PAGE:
In the wake of the Samantha Bielefeld debacle — which, to summarize various Twitter threads, involved a man posing as female tech blogger in order to stir up drama and possibly make money — I’m reflecting on anonymity online. (It’s not important that you be familiar with the whole SB thing in order to read this post, but if you’re interested you can learn more here, here, here, and here, in addition to the link in the first sentence.)
It benefits me tremendously that I’m able to reference my personal Facebook account on this website, that I’m able to post selfies and meet people in person. If I were in the situation that Samantha claimed to be, and I needed to conceal my identity so my bosses wouldn’t object to my internet life, it would be harder to be trusted. Maybe when I chose to criticize popular men, people would wonder, “Is this another scam artist? What’s her ulterior motive?” (Although I suppose this problem doesn’t afflict Taylor Swift’s infosec account.) Being able to reveal my face makes it easier for me to be taken at face value.
I feel weird about this. I’m not a huge privacy advocate — we don’t have any inherent right to conceal information about ourselves and insignificance is the best protection — but I’m also not a moron, and I recognize that society’s preexisting power systems determine who gets to conceal themselves and who must be open in order to be believed. The main reason I don’t have to worry about demonstrating my genuine legal identity is that I’m not discussing anything controversial, and I’m a middle-class white girl. (Imagine if I wrote about feminism, or video games!) There are risks, but minimal enough that I don’t worry about it.
I’m guess all I’m saying is that structural inequalities are a bummer, and the dynamics of anonymity reveal that. What an exciting and tötally nëw revelation!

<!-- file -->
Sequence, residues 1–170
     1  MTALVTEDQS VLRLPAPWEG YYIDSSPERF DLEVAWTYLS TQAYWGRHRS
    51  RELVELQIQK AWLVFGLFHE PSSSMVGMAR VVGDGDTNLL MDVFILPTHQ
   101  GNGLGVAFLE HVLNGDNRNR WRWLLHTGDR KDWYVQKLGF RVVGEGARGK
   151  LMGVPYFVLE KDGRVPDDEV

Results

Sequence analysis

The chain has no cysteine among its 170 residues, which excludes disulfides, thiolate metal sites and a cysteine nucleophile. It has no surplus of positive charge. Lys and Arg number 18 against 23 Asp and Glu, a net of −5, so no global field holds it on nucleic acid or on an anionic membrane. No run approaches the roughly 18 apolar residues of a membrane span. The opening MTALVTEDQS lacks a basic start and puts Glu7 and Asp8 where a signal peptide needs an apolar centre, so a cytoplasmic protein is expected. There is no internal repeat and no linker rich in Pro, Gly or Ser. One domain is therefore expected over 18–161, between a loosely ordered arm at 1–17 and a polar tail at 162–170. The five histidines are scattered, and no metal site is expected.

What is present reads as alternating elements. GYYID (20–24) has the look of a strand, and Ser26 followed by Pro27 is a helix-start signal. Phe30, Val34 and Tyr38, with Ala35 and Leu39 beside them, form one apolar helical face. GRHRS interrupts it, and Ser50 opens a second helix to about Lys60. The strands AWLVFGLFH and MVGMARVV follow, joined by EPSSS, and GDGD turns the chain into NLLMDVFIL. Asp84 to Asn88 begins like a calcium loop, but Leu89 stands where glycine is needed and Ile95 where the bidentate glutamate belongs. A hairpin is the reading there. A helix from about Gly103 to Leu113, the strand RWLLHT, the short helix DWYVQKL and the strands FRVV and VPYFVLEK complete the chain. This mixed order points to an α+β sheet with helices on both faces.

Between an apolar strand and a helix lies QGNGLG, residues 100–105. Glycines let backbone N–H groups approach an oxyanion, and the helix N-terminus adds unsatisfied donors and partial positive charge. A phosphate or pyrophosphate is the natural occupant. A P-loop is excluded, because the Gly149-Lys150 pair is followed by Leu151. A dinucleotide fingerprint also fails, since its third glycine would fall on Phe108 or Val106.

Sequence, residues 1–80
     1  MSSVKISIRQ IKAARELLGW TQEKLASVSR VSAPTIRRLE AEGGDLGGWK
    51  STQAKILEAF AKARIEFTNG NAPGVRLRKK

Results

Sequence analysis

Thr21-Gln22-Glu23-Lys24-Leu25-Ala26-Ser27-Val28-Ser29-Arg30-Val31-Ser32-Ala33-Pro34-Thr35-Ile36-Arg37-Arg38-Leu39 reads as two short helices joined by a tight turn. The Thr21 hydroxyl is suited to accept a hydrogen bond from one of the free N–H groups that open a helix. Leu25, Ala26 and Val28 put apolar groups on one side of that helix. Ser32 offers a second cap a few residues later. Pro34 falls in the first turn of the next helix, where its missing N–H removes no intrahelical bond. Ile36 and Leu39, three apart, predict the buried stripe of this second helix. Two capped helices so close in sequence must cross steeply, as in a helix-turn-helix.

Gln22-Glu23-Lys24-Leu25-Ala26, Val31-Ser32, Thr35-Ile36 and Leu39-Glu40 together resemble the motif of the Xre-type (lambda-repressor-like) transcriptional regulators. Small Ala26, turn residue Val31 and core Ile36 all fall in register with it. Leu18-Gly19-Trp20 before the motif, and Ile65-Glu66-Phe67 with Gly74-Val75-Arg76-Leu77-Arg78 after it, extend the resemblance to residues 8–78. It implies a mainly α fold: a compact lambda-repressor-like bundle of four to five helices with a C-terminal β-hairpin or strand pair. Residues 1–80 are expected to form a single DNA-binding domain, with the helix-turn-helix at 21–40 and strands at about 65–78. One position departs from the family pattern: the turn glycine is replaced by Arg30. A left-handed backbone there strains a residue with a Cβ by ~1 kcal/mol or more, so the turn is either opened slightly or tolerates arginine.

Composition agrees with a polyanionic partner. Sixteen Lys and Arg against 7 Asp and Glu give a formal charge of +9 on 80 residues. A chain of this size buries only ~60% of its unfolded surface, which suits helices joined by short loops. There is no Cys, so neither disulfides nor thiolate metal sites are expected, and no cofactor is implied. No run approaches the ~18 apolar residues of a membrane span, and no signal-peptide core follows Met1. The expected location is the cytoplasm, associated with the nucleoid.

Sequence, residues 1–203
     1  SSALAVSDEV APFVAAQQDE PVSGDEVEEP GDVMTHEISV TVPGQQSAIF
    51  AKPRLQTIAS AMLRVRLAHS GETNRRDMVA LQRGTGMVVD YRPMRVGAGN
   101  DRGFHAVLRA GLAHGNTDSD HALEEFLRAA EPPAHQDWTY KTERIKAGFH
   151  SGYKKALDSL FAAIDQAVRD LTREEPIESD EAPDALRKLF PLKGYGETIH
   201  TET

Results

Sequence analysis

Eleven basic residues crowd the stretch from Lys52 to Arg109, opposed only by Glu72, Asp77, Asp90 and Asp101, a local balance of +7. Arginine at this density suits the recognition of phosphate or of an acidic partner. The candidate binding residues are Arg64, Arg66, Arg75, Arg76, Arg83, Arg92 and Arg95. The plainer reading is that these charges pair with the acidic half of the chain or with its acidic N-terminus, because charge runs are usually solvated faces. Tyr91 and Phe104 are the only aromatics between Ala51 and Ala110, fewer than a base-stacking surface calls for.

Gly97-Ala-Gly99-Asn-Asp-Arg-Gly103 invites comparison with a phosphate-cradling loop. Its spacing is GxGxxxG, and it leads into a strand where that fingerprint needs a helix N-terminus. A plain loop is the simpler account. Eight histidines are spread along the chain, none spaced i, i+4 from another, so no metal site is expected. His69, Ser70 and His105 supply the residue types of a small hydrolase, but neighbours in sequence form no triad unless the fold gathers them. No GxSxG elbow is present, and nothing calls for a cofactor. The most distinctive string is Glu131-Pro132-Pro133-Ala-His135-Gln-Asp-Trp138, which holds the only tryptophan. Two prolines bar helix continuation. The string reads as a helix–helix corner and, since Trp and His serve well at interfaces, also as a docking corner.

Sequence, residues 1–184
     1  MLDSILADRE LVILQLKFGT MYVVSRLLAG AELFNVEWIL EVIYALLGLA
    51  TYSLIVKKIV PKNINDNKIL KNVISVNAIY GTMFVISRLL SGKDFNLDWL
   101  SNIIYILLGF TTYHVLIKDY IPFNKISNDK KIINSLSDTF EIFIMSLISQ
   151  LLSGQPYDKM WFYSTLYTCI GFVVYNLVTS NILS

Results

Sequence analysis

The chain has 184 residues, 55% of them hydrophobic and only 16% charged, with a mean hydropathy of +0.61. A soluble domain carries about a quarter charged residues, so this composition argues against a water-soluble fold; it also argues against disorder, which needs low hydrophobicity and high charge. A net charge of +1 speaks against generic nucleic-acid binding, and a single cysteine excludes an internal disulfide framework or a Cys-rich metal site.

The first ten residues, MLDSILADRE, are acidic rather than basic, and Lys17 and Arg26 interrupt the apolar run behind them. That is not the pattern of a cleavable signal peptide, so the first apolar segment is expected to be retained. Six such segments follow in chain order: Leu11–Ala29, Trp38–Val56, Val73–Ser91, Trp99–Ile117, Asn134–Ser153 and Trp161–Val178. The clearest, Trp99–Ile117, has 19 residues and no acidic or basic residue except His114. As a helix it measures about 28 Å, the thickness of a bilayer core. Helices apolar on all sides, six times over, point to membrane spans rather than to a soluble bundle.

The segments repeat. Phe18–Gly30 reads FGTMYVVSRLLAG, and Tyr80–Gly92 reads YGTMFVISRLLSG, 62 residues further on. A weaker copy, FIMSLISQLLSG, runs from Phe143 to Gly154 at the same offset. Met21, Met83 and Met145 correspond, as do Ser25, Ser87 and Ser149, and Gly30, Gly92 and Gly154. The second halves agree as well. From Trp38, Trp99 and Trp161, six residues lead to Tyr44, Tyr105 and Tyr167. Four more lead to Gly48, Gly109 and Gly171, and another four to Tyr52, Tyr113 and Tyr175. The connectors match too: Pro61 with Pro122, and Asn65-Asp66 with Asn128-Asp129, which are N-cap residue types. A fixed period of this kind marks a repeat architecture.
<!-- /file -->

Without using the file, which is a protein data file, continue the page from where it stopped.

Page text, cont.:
“When I was making big bucks, I offered to pay my uncle back for the tuition assistance he had given me. ‘Why?’ he asked. ‘I don’t need it.’ I feel guilty about this privilege, that I am not saddled with the debt that has made life difficult for so many people I know. I do my best to pay my good fortune forward. […] Access to wealth, and the knowledge that comes with it, is like getting compound interest on your entire life.”
I said this on Facebook, but I think it’s worth noting here for posterity: I also have the privilege of wealth-adjacency — more than that, actually, because my immediate family is financially comfortable as well as my relatives. I would be in a drastically different situation without robust health insurance and parents who could support me into my early adulthood. That doesn’t even address the money-manipulation comfort that Bibel brings up in her article (which I’m still learning).
Something that should happen more often: Rich people mentoring poor kids specifically regarding personal economics. (Also systemic policy reform of various kinds, but let’s not get too excited.) If I’m ever wealthy by virtue of my own actions, I hope I will take the time and energy to hang out with a low-income high-school student and, I dunno, impart some knowledge. And buy their textbooks. Is that an unrealistic notion?
Of course, the policy reform is what would really help — if only moneyed interests didn’t have such a stranglehold on politics! One of the cruelest symptoms of growing up poor is that the whole arrangement is rigged: financial security is unattainable — but if you somehow magically attain it, you can’t handle your newly healthy bank account because you haven’t been able to practice not being broke. (Warning: both articles contain offhand references to sexual violence.)